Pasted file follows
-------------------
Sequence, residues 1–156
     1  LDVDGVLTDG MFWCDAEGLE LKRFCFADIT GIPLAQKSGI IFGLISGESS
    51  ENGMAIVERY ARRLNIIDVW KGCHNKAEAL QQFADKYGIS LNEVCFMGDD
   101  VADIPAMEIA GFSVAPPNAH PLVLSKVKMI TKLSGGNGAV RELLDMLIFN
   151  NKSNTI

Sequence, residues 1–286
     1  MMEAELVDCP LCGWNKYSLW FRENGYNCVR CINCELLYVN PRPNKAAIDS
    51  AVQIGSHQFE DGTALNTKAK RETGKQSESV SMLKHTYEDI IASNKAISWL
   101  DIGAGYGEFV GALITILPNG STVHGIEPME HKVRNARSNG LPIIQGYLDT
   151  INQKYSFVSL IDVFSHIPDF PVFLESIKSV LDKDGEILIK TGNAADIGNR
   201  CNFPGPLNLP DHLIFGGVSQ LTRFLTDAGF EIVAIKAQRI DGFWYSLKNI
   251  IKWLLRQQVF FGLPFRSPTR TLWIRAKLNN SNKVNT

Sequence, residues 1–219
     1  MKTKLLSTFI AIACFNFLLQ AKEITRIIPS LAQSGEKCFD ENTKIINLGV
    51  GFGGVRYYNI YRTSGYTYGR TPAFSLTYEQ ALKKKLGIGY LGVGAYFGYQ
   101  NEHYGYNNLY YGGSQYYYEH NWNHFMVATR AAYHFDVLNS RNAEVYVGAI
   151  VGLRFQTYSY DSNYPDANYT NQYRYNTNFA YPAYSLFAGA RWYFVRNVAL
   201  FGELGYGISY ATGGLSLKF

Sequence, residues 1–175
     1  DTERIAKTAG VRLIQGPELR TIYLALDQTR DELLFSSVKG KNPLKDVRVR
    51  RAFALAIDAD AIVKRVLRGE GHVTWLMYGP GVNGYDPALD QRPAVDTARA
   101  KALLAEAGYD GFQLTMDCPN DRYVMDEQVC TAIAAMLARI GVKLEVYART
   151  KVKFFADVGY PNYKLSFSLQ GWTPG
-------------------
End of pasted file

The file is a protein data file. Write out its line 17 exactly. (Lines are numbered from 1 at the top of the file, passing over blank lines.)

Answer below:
   151  VGLRFQTYSY DSNYPDANYT NQYRYNTNFA YPAYSLFAGA RWYFVRNVAL